A wiseguy's view of the world

Monday Book; EAT THE RICH: A TREATISE ON ECONOMICS BY PJ O'ROURKE PICADOR, pounds 16.99

BACK IN the roaring, Reaganite Eighties - when trickle-down economics, Bolivian marching powder and Paisley braces were the benchmarks of hip taste - PJ O'Rourke burst on to the journalistic scene as the consummate popular essayist for those venal times. Smart, smart-arsed and unapologetically libertarian, O'Rourke was that perfect Eighties species: a wise-guy conservative. Or, to be oxymoronic, he was a hip Republican: a term that now seems as preposterous as "funky Mormon", especially since American Republicanism has become a byword for sexual McCarthyism, mean-spiritedness and moral hypocrisy.

Back in the era of "greed is good", O'Rourke's caustic dispatches played to a willing audience of twentysomething supply-siders: the sort of folk who had read their Adam Smith, considered Milton Friedman the ultimate economic guru, and voted twice for Reagan and once for Bush... but still inhaled. Indeed, his appeal wasn't based simply on his skewed wit, but also on his ability to play the patriotic card without sounding like a bumptious flag-hugger.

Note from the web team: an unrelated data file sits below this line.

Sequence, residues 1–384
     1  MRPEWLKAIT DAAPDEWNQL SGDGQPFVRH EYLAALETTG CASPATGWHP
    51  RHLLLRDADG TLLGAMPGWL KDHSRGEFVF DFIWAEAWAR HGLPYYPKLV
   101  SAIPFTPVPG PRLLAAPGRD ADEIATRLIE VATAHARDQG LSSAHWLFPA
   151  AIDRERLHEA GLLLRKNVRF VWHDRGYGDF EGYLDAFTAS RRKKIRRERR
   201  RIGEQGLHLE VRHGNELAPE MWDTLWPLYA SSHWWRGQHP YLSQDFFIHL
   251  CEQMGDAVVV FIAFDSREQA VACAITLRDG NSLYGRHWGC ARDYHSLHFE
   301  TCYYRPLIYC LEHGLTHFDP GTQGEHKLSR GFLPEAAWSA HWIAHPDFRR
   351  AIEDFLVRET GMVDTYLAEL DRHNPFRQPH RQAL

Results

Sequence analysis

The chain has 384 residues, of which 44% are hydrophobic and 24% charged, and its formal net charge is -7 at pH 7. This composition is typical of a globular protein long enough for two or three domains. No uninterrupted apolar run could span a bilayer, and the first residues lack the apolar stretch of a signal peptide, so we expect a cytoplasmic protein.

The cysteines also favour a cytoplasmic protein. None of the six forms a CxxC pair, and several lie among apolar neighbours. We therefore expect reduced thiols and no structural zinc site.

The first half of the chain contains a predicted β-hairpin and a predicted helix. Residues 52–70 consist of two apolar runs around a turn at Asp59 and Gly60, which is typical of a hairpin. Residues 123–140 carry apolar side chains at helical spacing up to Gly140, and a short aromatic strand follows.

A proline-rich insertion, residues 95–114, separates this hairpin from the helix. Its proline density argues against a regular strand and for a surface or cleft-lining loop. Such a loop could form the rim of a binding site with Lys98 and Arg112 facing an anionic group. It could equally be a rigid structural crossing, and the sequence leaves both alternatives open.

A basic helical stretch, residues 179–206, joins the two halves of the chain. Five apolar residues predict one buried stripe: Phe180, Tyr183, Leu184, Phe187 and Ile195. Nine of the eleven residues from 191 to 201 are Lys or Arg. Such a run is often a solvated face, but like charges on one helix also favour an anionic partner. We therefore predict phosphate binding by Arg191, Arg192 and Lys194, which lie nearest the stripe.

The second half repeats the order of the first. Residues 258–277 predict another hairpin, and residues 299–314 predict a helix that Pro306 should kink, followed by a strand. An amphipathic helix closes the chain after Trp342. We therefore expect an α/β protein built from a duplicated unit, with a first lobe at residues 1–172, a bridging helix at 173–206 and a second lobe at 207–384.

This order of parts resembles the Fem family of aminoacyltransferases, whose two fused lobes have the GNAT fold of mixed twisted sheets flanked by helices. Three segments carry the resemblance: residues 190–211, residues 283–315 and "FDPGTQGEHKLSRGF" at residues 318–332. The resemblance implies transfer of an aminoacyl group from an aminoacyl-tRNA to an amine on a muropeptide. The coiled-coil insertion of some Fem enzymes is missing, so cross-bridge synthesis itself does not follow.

His underlying world-view - which could best be described as "America rocks, the rest of the world sucks" - won fans in every beer-guzzling fraternity across the States. Even left-leaning Democrats found themselves amused by O'Rourke's sharp wit and his belief in all-American hedonism. O'Rourke's image was of a right-wing debauchee, whose philosophy was: you can be conservative, but still have fun.

Nowadays, most debauchees would not find the Republican Party hospitable. Neither, you sense, does O'Rourke - who goes to great, subtle lengths in Eat The Rich to distance himself from the party of Ken Starr and the right-to-lifers. Rather, he makes it clear throughout this amusing, if deeply superficial jaunt around world financial zones that he is an old- fashioned libertarian: a believer in free will, in free markets, in keeping the state out of your bedroom - and in wealth as a Good Thing.

"Wealth is good," he argues. "Wealth is good when a lot of people have it. It's good when a few people have it. This is because money is a tool, nothing more... Rich people are heroes. They don't usually mean to be, but that's their problem, not ours."